The introductory paragraph of All Quiet on the Western Front states that the book's purpose is "neither to be an accusation nor a confession." Remarque never actually says that the book is not to condemn. In fact, that is exactly what All Quiet is--a condemnation. It is quite true that Remarque never accuses either side or makes any confession, but he does in fact condemn war altogether. In a critical response to All Quiet, Modris Eksteins says that "All Quiet was not a book about the events of the war--it was not a memoir--but an angry postwar statement about the effects of the war on the young generation that lived through it," (Eksteins 336). Eksteins is correct in saying this because an "angry postwar statement" is in essence a condemnation, and Remarque does set out to convince readers that the young men of this generation, as a result of the war, have been ruined.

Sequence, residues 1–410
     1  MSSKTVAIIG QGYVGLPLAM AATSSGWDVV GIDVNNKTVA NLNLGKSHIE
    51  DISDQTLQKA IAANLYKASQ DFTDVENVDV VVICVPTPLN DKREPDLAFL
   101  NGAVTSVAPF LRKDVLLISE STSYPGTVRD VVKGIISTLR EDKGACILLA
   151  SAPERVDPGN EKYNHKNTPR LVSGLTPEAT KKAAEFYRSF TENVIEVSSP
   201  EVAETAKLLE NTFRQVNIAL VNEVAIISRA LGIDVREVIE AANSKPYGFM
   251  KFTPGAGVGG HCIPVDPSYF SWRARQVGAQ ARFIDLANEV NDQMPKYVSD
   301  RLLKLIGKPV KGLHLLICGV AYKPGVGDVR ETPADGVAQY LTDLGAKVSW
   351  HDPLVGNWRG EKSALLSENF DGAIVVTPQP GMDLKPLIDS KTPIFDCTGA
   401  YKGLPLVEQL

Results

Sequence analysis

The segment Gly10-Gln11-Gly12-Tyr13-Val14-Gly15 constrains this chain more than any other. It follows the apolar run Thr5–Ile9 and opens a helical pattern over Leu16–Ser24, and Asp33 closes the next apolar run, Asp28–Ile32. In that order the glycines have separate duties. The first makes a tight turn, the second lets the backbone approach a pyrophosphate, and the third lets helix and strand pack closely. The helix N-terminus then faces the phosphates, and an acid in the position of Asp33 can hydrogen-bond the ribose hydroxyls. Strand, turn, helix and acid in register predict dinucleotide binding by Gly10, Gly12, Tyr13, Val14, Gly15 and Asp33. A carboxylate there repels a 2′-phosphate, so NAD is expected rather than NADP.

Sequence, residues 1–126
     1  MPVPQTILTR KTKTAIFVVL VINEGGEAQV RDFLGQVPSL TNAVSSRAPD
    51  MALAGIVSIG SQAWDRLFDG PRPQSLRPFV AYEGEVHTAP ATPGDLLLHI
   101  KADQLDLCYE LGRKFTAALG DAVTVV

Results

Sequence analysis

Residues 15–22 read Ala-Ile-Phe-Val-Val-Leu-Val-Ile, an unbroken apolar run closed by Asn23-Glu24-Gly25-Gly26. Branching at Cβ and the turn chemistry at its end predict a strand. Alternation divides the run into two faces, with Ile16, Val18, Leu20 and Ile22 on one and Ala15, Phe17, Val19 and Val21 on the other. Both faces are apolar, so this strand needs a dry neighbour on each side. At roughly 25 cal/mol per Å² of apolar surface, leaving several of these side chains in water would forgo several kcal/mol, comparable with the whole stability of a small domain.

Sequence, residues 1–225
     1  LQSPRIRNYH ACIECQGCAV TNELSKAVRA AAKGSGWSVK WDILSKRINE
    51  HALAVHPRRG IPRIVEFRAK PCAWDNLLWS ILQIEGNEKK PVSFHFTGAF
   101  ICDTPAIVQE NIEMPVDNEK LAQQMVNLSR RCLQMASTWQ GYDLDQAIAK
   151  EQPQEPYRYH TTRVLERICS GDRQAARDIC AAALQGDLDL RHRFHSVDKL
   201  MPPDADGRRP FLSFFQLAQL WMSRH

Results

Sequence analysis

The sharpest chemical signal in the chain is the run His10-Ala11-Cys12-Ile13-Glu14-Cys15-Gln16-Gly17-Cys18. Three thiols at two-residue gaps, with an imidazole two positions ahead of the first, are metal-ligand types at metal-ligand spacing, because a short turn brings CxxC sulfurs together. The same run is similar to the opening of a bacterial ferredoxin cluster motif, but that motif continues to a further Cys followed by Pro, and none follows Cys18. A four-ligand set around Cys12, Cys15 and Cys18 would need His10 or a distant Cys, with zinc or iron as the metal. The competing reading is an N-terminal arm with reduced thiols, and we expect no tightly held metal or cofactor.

The novel shows the digression of the soldiers from idealistic young men with hopes and ambition for the future to young men with the hearts and minds of old men bombarded by the tragedies, the horrors, and the realities of war. At the end of Chapter One, Paul is remembering his old schoolmaster, Kantorek, calling his generation the "Iron Youth." Such an idealistic title at one time to these young men was an inspiration, but even at the very start of their experiences it quickly became a mockery. Looking back after the death of their comrade Kemmerich, Paul, Kropp, and Muller reflect bitterly, "Yes, that's what they think, these hundred thousand Kantoreks! Iron Youth! Youth! We are none of us more than twenty years old. But young? Youth? That is long ago. We are old folk." From the start of the war, these young men were robbed of their idealism, and already their ideas of the future and their places in it became distorted. For older men it was different because for them it was "but an interruption. They [were] able to think beyond it. We [the young soldiers], however, have...
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